College basketball history

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College basketball history and how it has evolved over the years

So, you're interested in true college basketball history? Well, you're not alone. What began as an idea to help students take physical education courses during the winter months has blossomed into one of the most popular sports around.

In the coming paragraphs, we'll take a look at how it all began and how it has grown into the powerhouse it is today.

The Beginning of Hoops

When James Naismith was asked by administrators from Springfield College to create a new sport for students uninterested in taking P.E. courses during winter, he came up with something extraordinary.

By placing two peach buckets at the ends of the court and using a soccer ball, he created what we now know as basketball. Physical education directors from around the country felt that not enough students were taking wintertime P.E. courses.  Thus, they wanted Naismith to create a sport which would rival both baseball and football.

Both of these sports -- baseball and football -- made summer and fall P.E. classes very popular in those days. All the directors asked of Naismith was to create a sport which would do the same for their winter courses. In 1891, Naismith did just that thanks to his two peach hoops and a soccer ball which became a precursor for what we now know as the basketball.

Over the many years which followed, the sport has grown in popularity, with a rabid fan base and school pride on the line every March Madness. Basketball camps, basketball training aids and professional quality footwear and uniforms are big business.

The Success of the Game

Almost instantly, students, schools, and athletes became ravenous for the game. By 1900, there were many multiple schools which had adopted Naismith's creation as their own. Naismith himself was even a coach at Kansas.

With that being said, the earliest incarnation of hoops was much different than what we would see today. There were fewer points scored thanks wholly to the fact that there was no shot clock in operation. Thus, teams had an unlimited time to shoot. Think if that was still around today? It might end up being 2-2 after 4 quarters and six overtimes.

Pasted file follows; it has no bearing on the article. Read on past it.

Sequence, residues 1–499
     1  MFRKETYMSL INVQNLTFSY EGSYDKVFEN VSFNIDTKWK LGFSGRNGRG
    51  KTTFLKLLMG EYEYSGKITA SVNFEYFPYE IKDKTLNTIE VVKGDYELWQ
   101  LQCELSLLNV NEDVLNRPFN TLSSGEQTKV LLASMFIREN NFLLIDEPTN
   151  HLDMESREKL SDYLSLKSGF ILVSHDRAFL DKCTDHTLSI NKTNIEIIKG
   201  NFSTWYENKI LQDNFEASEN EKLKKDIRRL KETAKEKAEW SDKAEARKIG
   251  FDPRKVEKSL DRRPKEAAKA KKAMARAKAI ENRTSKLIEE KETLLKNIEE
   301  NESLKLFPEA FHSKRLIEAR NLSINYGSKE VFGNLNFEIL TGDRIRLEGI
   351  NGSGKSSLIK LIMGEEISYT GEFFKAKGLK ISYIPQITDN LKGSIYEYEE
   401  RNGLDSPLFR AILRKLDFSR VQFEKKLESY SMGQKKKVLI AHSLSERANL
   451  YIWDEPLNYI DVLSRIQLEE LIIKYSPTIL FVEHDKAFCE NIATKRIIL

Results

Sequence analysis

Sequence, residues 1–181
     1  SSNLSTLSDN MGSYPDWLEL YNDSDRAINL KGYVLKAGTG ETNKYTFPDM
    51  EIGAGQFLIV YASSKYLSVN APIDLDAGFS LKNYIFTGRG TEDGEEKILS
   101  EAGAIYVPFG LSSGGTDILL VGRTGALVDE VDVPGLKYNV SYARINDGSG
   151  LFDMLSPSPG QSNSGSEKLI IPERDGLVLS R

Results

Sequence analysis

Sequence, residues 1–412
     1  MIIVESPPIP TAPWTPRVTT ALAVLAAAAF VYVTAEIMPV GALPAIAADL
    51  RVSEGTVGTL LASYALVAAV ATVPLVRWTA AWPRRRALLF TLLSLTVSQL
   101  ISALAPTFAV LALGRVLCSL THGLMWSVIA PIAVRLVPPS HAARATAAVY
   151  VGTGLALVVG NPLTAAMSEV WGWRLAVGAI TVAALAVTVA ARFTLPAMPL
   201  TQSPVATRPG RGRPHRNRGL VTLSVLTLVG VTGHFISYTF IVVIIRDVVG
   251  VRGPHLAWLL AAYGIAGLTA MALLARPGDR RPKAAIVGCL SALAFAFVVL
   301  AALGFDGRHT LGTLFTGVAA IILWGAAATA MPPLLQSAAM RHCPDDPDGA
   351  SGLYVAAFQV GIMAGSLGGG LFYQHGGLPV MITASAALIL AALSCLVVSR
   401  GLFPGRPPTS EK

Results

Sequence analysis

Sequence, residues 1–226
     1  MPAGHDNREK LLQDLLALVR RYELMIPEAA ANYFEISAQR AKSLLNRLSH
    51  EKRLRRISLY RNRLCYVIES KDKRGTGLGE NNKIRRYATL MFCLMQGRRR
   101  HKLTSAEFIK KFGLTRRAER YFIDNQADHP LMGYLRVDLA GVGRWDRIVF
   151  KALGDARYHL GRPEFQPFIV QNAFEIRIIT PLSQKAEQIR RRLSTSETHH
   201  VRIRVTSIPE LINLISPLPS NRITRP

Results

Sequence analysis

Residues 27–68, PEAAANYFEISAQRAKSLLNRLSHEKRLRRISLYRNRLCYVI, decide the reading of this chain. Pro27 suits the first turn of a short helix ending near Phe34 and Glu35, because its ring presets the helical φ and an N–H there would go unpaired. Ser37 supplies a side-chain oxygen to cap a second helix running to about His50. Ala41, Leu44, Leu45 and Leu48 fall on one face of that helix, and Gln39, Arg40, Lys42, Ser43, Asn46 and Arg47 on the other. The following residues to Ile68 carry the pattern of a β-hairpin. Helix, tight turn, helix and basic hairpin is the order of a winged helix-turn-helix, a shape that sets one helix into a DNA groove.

Back in those days, though, there were scores like 25-18, in which New York University beat Notre Dame, as well as 37-33 in which Westminster manhandled St. John's. These games took place in the first double header at Madison Square Garden.

College Basketball History

The National Collegiate Athletic Association, or the NCAA, was formed in 1906, in an effort to safeguard student athletes from exploitative and dangerous practices of the era. Known as the IAASUS and constituted on March 31, 1906, it later morphed into its present day name of the NCAA during the 1910 term.

At first, it was simply a discussion group, as well as a rules-making governing body. But it was during these subsequent years which the first NCAA national championship was created: the National Collegiate Track and Field Championships. And in 1939, the basketball championship was created; it was an eight-team tournament at the time which was won by Oregon in Evanston, Illinois.

In the beginning, the NIT tournament was just as popular as the NCAA tourney. Over the years, though, the NCAA tourney has replaced the NIT; the spectacle of March Madness brings fans, players, schools, and everyone else together for one wild ride during the month of March.

Like the lack of a shot clock in the early days, the tournament was a different beast back them. In 1974, only 25 teams were allowed into the tournament. One year later, in 1975, the field was increased to 32 teams. In 1980, 48 schools were allowed to compete; and in 1985, the field was increased to 64 total teams.

Since its inception by James Naismith way back in 1891, the sport has grown by leaps and bounds, with ravenous fans, dedicated coaches, and otherworldly athletes, who all help to make the game what it is today. And what is that, you ask? Simply, great entertainment.

Resources: The History of College Basketball. History.

Above photo attributed to Dougtone

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